You might also find information on the diagnosis or management of McLeod neuroacanthocytosis syndrome in Educational resources and Patient support.

General information about the diagnosis and management of genetic conditions is available in the Handbook. Read more about genetic testing, particularly the difference between clinical tests and research tests.

To locate a healthcare provider, see How can I find a genetics professional in my area? in the Handbook.

Where can I find additional information about McLeod neuroacanthocytosis syndrome?

You may find the following resources about McLeod neuroacanthocytosis syndrome helpful. These materials are written for the general public.

You may also be interested in these resources, which are designed for healthcare professionals and researchers.

What other names do people use for McLeod neuroacanthocytosis syndrome?

  • McLeod syndrome

For more information about naming genetic conditions, see the Genetics Home Reference Condition Naming Guidelines and How are genetic conditions and genes named? in the Handbook.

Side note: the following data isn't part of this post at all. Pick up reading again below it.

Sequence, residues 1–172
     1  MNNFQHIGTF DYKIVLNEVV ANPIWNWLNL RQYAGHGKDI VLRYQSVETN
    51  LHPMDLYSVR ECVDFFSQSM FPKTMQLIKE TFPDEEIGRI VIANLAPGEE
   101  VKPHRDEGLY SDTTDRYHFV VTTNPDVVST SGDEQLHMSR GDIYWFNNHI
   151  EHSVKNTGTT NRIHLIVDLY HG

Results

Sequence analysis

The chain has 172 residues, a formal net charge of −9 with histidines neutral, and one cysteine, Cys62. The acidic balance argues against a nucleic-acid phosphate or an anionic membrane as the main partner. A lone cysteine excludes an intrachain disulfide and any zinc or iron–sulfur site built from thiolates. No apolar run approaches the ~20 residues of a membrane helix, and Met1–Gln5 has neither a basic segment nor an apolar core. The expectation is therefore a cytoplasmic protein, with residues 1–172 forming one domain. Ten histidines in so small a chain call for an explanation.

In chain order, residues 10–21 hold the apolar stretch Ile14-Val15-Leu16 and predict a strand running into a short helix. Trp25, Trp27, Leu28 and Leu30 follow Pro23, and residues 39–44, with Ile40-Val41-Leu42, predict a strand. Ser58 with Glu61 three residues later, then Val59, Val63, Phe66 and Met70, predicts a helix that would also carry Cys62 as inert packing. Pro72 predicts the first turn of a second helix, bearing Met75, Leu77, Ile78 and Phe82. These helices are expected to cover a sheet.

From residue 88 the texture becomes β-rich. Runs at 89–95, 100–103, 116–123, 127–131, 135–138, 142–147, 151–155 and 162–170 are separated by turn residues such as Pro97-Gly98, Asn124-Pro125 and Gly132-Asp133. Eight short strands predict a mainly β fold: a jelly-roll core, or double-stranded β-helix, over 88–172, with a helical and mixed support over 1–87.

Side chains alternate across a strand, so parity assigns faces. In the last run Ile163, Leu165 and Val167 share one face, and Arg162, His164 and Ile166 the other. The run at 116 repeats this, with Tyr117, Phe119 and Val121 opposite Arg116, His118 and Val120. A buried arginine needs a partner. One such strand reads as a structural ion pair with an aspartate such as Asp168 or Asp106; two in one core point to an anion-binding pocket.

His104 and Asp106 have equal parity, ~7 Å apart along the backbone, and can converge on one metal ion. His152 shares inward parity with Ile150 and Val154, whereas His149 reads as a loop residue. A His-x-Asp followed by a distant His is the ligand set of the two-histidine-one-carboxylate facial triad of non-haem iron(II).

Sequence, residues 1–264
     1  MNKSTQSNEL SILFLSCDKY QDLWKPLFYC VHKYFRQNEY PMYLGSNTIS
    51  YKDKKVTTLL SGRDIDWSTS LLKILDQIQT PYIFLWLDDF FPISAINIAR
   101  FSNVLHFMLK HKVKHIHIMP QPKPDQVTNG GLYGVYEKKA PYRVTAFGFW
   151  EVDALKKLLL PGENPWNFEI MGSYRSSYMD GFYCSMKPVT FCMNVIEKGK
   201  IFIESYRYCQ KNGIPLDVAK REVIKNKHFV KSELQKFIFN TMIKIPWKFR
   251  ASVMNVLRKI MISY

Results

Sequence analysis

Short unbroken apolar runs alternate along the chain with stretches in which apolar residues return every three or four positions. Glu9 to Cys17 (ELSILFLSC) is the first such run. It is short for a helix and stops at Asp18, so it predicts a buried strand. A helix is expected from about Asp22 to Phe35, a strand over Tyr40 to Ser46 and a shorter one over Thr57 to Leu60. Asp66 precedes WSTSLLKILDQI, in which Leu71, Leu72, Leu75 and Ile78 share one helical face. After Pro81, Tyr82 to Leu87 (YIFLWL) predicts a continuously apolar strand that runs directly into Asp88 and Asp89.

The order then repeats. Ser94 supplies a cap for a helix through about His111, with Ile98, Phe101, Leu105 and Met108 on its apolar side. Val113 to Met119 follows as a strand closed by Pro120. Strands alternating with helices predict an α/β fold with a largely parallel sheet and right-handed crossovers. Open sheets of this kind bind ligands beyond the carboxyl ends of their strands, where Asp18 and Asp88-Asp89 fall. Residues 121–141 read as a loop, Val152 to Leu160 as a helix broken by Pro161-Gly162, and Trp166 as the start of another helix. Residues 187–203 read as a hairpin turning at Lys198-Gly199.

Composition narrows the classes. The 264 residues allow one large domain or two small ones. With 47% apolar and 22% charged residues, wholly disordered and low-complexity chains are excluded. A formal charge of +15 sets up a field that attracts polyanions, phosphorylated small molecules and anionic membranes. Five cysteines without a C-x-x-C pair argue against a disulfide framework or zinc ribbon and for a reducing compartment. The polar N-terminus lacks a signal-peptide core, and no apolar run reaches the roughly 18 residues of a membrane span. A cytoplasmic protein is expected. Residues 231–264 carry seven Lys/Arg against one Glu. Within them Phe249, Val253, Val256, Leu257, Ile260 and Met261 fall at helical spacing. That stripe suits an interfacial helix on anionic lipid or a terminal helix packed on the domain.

What if I still have specific questions about McLeod neuroacanthocytosis syndrome?

Where can I find general information about genetic conditions?

What glossary definitions help with understanding McLeod neuroacanthocytosis syndrome?

antigens ; anxiety ; arrhythmia ; atrophy ; cardiomyopathy ; cell ; chorea ; chromosome ; depression ; dilated ; dystonia ; gene ; inheritance ; inherited ; involuntary ; mutation ; neurological ; neuropathy ; peripheral ; peripheral neuropathy ; phenotype ; protein ; recessive ; sex chromosomes ; syndrome ; X-linked recessive

You may find definitions for these and many other terms in the Genetics Home Reference Glossary.

See also Understanding Medical Terminology.

References (6 links)


The resources on this site should not be used as a substitute for professional medical care or advice. Users seeking information about a personal genetic disease, syndrome, or condition should consult with a qualified healthcare professional. See How can I find a genetics professional in my area? in the Handbook.

Reviewed: May 2008
Published: March 23, 2015